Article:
The Senate GOP campaign arm’s endorsement of Rep. Jim Banks in the Indiana Senate Republican primary on Tuesday marks an official departure from the committee’s policy in the 2022 cycle and makes clear it will play in primary contests in an attempt to win back the upper chamber.
After a midterm cycle that saw candidates backed by former President Trump sail through primaries before suffering stinging general election defeats, Tuesday’s announcement was music to the ears of many Republicans.
“I think we’ve seen what happens when we nominate people who can win a primary but can’t pivot toward a general election and get the broad support you need to win,” Sen. John Cornyn (R-Texas), who oversaw the National Republican Senatorial Committee’s (NRSC) efforts in the 2010 and 2012 cycles, said. “You don’t get to govern if you can’t win an election. Winning is the first important step.”
Sen. Rick Scott (R-Fla.), the former chairman, declined to put his finger on the scale for various candidates in primary races in 2022.
But the NRSC’s decision to back Banks came mere minutes after former Indiana Gov. Mitch Daniels (R) announced that he would not seek the seat being vacated by Sen. Mike Braun (R-Ind.). In a lengthy statement, Daniels declared that being a senator is “just not the job for me … and not the life I want to live at this point,” giving the committee the opening to supporting Banks.
Sen. Steve Daines (R-Mont.), chairman of the committee, said he is “looking forward to working with” Banks, whom he labeled “one of our top recruits this cycle.”
One source with knowledge said Senate Minority Leader Mitch McConnell (R-Ky.) and Banks met last week, adding it “went very well.”
Banks also received an instant shot in the arm when Sen. J.D. Vance (R-Ohio) endorsed him shortly after.
The NRSC’s quick support for Banks was viewed as an opening salvo of sorts.
Some Republican operatives also believe the endorsement was a warning shot in an attempt to keep whom they consider unelectable candidates from hijacking primaries.
“There is no more welcome sight than the committee activating again and indicating their interest in delivering success for Senate Republicans in 2024 after the cycle we just went through with a committee that seemed more interested with the chairman’s campaign for president than the GOP’s campaign for Senate,” one GOP operative involved in Senate races told The Hill. “It’s just nice to have a team in charge that puts Senate Republicans ahead of themselves.”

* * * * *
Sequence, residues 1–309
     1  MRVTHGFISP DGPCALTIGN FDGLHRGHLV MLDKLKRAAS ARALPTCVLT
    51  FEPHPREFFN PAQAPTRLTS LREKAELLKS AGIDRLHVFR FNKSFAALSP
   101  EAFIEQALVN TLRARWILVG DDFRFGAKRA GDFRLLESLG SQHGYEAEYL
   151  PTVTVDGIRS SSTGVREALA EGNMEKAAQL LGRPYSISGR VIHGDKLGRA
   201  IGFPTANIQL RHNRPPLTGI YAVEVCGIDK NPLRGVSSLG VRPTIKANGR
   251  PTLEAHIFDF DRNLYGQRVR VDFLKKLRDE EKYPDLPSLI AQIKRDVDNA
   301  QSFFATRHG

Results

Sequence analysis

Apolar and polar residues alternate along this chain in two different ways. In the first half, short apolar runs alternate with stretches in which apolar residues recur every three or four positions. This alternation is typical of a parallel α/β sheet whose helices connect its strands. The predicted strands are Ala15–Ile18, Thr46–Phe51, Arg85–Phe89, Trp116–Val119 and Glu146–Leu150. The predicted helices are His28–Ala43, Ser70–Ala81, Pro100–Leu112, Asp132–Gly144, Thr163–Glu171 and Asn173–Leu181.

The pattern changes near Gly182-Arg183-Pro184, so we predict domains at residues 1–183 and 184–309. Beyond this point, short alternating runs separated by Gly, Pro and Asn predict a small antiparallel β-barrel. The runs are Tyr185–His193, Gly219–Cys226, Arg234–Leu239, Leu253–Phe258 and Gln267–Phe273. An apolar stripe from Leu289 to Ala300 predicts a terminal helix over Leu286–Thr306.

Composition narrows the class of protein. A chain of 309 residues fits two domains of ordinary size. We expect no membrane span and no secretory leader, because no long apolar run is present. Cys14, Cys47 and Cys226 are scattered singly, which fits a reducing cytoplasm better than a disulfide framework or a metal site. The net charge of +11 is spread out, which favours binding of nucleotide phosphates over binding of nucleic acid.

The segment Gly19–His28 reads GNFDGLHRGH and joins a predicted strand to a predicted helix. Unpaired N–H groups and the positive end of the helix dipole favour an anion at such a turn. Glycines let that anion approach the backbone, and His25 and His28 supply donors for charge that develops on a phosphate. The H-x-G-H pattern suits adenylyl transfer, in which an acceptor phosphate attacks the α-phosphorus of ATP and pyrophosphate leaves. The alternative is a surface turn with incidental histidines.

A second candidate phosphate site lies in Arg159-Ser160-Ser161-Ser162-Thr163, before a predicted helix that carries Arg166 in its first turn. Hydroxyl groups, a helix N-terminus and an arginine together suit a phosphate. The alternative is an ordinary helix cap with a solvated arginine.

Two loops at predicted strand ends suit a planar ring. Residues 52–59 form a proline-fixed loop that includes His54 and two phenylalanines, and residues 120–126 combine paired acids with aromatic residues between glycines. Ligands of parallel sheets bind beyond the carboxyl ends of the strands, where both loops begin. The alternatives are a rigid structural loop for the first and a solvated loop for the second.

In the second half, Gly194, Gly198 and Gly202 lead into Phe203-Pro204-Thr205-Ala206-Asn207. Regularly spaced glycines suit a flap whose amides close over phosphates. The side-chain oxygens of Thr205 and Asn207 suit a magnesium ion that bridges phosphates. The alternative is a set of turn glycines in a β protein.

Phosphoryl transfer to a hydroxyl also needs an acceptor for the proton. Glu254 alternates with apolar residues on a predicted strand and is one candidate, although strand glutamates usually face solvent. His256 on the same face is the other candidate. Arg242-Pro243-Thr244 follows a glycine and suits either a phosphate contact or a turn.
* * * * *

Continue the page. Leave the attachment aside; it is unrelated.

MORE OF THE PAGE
While Daniels was considered a formidable candidate by senators and operatives, he hails from a red state that has a deep bench of possible contenders, headlined by Banks.
But Republicans are hoping to pick up seats in 2024 by defeating Democrats running in otherwise red or purple states like Ohio, West Virginia, Montana, Arizona and Pennsylvania — and they’re looking for formidable candidates.
They’re also looking at 2022 as a cautionary tale of sorts.
In New Hampshire and Arizona, two purple states, Gov. Chris Sununu (R) and then-Gov. Doug Ducey (R) decided against running. Don Bolduc and Blake Masters, political newcomers who tied themselves to Trump, advanced to the general election and were handily defeated.
Scott declined to comment directly on the committee’s decision to reinsert itself in primaries, saying, “It’s a choice they get to make.”
The decision reverts the NRSC back to 2014, when it first made the decision to play in primaries after a spate of candidates cost the party in winnable contests.
“We certainly were willing to help anyone who won a primary, but we tried to encourage good people to be in a primary — good people just being good candidates,” said Sen. Jerry Moran (R-Kan.), the NRSC chairman during the 2014 cycle that snatched the Senate majority for the GOP.
With the parallels between 2014 and 2024 clear, whether the GOP can replicate the success of its majority-winning year remains an open question — but many Republicans are confident they can avoid the pitfalls.
In Ohio, Secretary of State Frank LaRose (R) and state Sen. Matt Dolan (R), who lost the 2022 primary to Vance, are considered strong general election candidates, while David McCormick is the preeminent name mentioned in Pennsylvania against Sen. Bob Casey (D).
West Virginia Gov. Jim Justice (R), who said he is leaning toward running for the Senate, Rep. Alex Mooney (R-W.Va.) and state Attorney General Patrick Morrisey (R) are angling for a match-up against Sen. Joe Manchin (D-W.Va.). Finally, in Montana, Reps. Ryan Zinke (R) and Matt Rosendale (R) both may run to potentially face Sen. Jon Tester (D). Tester defeated Rosendale in 2018.
Casey, Manchin and Tester have yet to announce their reelection plans.
“It demonstrates in the clearest possible terms that the NRSC is not a building full of disinterested observers,” the GOP operative said. “That they want to win, and if you as a candidate have a history of losing, you’ll have an uphill climb to win their trust.”